Atmospheric emissions of metals from anthropogenic activities have led to deposition and contamination of soils worldwide. We quantified addition of manganese (Mn) to soils around the largest emitter of Mn in the United States (U.S.) using chemical analyses and atmospheric dispersion modeling (Second-Order Closure Integrated Puff (SCIPUFF)). Concentrations of soil-surface Mn were enriched by 9-fold relative to that of the parent material within 1km of the facility. Elevated concentrations of Mn and chromium (Cr), another potentially toxic element that was emitted, document contamination only within 1m of the soil surface. Total mass of Mn added per unit land area integrated over 1m, mMn, equals ~80mgMncm-2 near the facility. Values of mMn remained above background up to tens of kilometers from the source. Air concentrations of Mn particles of 7.5-micron diameter simulated with SCIPUFF using available data for the emission rate and local meteorological conditions for 2006 were consistent with measured air concentrations. However, the Mn deposition calculated for 2006 with SCIPUFF yielded a cumulative value over the lifetime of the refinery (60years) that is a factor of 15 lower than the Mn observed to have been added to the soils. This discrepancy can be easily explained if Mn deposition rates before 1988 were more than an order of magnitude greater than today. Such higher emissions are probable, given the changes in metal production with time and the installation of emission controls after the Clean Air Act (1970). This work shows that atmospheric dispersion models can be used with soil profiles to understand the changes in metal emissions over decadal timescales. In addition, the calculations are consistent with the Clean Air Act accounting for a 15-fold decrease in the Mn deposition to soils around the refinery per metric ton of Mn alloy produced.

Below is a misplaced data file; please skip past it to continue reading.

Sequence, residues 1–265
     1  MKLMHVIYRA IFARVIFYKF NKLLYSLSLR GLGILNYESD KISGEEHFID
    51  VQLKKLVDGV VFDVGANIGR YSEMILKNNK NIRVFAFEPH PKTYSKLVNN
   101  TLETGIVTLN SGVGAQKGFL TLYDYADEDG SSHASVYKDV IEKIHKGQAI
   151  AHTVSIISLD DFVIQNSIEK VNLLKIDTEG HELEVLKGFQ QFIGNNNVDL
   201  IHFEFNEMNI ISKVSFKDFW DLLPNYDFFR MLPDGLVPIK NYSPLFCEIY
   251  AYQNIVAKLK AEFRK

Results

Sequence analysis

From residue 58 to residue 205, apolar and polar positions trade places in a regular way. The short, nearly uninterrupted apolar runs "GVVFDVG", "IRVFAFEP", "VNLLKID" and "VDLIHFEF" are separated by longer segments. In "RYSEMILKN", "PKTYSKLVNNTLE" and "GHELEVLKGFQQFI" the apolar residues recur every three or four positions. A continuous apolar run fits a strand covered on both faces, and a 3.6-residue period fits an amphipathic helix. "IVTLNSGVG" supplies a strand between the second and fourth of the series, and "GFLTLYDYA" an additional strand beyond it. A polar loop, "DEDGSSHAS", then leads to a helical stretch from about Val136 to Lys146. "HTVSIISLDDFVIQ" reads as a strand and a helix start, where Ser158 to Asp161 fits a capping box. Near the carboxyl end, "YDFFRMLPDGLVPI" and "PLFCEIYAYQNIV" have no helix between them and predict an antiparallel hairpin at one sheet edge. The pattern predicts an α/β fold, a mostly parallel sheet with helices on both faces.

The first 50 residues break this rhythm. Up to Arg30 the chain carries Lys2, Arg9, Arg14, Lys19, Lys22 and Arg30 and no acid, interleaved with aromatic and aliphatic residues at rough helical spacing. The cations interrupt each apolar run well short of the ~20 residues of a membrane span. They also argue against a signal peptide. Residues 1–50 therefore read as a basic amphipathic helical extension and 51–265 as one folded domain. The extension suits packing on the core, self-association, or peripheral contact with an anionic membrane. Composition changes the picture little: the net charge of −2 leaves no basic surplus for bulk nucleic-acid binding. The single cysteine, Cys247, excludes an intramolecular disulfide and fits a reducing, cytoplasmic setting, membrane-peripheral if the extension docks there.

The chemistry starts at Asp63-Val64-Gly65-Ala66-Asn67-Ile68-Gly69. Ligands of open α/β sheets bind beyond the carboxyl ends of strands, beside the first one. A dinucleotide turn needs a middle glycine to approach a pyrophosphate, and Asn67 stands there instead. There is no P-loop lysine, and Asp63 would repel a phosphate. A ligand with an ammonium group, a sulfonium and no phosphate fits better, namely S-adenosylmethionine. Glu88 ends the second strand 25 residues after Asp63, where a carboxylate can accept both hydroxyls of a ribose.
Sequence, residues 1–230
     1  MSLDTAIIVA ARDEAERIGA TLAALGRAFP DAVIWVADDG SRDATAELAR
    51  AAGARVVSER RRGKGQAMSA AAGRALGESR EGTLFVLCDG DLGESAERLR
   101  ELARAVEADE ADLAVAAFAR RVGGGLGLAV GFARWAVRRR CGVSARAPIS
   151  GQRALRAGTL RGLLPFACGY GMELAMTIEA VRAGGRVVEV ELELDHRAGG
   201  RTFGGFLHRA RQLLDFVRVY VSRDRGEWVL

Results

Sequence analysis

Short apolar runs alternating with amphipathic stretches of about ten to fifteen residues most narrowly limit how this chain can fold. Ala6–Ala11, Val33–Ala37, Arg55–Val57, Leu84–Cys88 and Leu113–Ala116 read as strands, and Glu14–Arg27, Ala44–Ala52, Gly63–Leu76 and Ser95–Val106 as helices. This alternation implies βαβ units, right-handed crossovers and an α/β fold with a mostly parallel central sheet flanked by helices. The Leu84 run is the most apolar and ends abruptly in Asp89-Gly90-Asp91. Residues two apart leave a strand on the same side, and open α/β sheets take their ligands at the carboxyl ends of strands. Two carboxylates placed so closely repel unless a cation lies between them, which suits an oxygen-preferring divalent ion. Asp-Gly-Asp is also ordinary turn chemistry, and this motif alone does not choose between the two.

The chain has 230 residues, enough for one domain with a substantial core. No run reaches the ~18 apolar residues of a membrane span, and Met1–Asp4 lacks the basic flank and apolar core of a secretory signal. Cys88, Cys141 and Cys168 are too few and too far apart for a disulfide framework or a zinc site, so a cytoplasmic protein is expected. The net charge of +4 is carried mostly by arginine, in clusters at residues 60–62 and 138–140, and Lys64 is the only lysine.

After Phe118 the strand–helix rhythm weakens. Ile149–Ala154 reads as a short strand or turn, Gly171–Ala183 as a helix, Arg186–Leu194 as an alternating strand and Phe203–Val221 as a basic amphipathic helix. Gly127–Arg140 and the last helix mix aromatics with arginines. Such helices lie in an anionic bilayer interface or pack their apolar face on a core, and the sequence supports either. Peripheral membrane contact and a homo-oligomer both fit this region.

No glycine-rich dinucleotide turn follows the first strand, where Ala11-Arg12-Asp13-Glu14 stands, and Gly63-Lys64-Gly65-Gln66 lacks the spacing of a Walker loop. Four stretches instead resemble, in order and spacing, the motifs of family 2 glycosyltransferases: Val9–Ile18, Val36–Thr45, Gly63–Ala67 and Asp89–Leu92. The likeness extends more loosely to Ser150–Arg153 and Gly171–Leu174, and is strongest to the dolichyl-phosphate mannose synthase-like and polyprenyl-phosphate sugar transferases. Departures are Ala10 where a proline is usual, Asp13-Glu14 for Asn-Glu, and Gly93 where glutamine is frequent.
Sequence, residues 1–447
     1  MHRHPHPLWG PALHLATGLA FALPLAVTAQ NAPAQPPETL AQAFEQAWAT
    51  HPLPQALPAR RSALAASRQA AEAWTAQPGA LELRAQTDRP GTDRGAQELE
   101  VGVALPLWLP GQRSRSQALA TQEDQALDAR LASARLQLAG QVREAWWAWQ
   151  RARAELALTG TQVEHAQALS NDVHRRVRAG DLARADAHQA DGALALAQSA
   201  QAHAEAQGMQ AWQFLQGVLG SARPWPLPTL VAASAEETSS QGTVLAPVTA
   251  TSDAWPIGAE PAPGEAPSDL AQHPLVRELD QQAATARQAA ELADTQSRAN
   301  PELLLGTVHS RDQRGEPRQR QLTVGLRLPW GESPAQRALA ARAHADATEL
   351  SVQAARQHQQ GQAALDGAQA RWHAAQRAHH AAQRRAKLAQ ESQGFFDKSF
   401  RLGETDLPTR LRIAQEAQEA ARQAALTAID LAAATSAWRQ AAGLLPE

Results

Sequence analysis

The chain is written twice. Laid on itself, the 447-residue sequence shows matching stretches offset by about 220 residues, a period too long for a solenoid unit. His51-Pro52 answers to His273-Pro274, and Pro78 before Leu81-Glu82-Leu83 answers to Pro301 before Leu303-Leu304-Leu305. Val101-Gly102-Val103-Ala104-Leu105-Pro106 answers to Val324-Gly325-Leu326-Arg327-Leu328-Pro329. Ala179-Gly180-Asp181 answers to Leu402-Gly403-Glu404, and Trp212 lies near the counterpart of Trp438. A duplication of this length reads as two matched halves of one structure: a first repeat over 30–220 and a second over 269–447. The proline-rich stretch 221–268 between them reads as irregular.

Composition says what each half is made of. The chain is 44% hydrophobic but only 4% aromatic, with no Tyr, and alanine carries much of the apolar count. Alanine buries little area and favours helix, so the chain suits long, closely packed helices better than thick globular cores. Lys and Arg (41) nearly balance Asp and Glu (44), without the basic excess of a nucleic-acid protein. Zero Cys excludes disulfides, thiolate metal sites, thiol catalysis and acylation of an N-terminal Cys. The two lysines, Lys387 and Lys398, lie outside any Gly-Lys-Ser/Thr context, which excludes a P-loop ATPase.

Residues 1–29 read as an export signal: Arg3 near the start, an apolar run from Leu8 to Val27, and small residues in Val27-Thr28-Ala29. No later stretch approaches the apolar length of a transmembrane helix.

All Science Journal Classification (ASJC) codes
- Environmental Engineering
- Environmental Chemistry
- Waste Management and Disposal